The effects of a six-week mindfulness class on racial stereotype bias, attention, and working memory was measured by the Implicit Association Test (IAT), Attention Network Task (ANT), and Automated Operation Span Task, respectively. Explicit racism (Modern Racism Scale, Right-Wing Authoritarianism, Social Dominance Orientation), mindfulness (Five-Facet Mindfulness Questionnaire), depression, anxiety, and stress (Depression, Anxiety, and Stress Scale) were also examined. Sixty traditional-aged undergraduate women participated in this study (20 completed the mindfulness course and the remaining completed a non-MBSR physical education course). The results revealed that training was not associated with decreased racial stereotype bias on the IAT. Training was associated with increased performance in attention-switching on the ANT. In both groups, explicit racism and working memory predicted racial bias at time 1, and explicit racism predicted change in racial bias between times 1 and 2. Unexpectedly, increase in mindfulness (FFMQ) approached prediction of an increase in racial bias across both groups. In summary, the findings contradict the hypothesis that participation in a six-week mindfulness course will reduce stereotype application and activation.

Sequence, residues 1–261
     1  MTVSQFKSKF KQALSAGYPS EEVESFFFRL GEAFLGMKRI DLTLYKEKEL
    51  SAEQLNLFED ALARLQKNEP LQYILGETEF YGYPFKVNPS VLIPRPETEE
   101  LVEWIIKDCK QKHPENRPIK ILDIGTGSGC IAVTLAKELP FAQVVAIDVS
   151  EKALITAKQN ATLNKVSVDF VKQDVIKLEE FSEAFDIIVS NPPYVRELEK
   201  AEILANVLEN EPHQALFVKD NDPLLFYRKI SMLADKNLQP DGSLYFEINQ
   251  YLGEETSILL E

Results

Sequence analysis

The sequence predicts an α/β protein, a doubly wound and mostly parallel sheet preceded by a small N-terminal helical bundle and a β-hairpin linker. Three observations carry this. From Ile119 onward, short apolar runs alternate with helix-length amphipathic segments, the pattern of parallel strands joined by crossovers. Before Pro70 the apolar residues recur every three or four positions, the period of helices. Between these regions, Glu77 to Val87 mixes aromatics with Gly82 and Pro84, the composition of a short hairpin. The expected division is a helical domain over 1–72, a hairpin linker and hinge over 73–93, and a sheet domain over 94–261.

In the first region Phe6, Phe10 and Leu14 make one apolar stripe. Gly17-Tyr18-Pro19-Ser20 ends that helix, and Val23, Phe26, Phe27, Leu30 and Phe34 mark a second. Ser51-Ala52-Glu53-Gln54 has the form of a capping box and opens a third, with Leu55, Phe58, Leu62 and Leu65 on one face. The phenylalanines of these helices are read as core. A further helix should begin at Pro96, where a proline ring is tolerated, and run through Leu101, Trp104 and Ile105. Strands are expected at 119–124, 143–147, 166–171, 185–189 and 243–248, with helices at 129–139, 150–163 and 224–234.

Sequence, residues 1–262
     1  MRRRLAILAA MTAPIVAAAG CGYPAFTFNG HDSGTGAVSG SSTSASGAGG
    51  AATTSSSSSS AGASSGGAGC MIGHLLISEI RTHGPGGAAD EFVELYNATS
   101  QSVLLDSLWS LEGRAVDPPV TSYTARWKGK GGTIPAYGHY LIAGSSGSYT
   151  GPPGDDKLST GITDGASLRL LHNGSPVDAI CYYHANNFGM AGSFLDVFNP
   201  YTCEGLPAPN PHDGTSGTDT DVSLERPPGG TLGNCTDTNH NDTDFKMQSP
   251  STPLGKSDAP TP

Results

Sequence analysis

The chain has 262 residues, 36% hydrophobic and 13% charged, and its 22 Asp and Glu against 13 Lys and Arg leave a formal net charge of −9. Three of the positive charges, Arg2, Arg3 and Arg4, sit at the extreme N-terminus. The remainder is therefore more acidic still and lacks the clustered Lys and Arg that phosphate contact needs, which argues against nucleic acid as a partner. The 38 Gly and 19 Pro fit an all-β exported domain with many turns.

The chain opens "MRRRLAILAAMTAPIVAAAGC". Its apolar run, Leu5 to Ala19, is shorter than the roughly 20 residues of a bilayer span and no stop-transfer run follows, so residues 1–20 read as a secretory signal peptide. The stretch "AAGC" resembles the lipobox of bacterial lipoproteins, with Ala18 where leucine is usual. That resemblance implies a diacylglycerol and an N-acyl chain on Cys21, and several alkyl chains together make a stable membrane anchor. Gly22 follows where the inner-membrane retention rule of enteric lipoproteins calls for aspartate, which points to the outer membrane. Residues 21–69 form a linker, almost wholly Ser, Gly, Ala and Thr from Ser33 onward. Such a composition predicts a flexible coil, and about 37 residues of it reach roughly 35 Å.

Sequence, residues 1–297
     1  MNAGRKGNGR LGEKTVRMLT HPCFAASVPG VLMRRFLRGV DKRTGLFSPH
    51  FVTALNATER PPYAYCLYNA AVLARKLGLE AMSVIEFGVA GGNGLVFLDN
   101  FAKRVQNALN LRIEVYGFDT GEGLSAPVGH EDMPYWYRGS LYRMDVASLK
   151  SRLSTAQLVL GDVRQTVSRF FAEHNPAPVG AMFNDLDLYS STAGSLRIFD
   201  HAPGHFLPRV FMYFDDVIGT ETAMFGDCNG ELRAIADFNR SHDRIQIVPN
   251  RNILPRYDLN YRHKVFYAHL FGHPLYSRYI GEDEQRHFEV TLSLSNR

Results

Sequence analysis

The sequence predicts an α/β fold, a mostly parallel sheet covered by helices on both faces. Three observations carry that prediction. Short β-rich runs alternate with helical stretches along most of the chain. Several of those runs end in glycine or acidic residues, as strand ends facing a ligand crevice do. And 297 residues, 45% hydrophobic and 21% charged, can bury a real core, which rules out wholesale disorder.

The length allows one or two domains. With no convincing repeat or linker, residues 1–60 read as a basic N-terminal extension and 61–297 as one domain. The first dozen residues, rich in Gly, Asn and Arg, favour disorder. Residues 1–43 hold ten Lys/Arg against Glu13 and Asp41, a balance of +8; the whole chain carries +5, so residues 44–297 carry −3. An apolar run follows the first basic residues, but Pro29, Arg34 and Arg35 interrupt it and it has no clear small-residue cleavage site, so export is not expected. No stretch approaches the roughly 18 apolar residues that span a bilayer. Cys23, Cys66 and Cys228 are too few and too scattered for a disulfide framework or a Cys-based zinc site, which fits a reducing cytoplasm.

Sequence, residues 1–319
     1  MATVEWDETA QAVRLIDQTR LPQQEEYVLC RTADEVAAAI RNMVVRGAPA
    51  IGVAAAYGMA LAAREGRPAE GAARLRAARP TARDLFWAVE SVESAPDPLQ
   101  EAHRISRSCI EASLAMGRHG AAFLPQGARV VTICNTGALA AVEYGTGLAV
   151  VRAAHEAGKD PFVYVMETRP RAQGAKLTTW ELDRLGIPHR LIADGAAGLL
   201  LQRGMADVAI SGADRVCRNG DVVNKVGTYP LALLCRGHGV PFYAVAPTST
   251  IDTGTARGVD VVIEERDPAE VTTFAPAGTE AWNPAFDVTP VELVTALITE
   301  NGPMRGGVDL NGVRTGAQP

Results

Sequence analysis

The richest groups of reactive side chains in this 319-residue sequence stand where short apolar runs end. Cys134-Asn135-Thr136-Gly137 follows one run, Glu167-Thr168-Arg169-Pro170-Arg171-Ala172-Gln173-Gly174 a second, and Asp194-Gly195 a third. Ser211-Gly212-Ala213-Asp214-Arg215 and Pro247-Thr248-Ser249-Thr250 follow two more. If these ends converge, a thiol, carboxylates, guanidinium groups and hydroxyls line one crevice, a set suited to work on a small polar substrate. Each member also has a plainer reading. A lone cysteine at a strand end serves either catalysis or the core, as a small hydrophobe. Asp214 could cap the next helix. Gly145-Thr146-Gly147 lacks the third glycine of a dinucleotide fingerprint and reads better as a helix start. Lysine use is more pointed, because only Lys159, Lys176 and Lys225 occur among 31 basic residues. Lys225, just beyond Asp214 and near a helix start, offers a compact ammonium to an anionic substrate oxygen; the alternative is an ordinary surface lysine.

|Commitee:||Cassidy, Kimberly, Schneider, Bethany, Schulz, Marc S., Thapar, Anjali, Wozniak, Robert|
|School:||Bryn Mawr College|
|Department:||Clinical Developmental Psychology|
|School Location:||United States -- Pennsylvania|
|Source:||DAI-B 74/09(E), Dissertation Abstracts International|
|Subjects:||Social psychology, Clinical psychology, Ethnic studies, Cognitive psychology|
|Keywords:||Mbsr, Mindfulness, Race, Racial stereotypes, Stereotypes|
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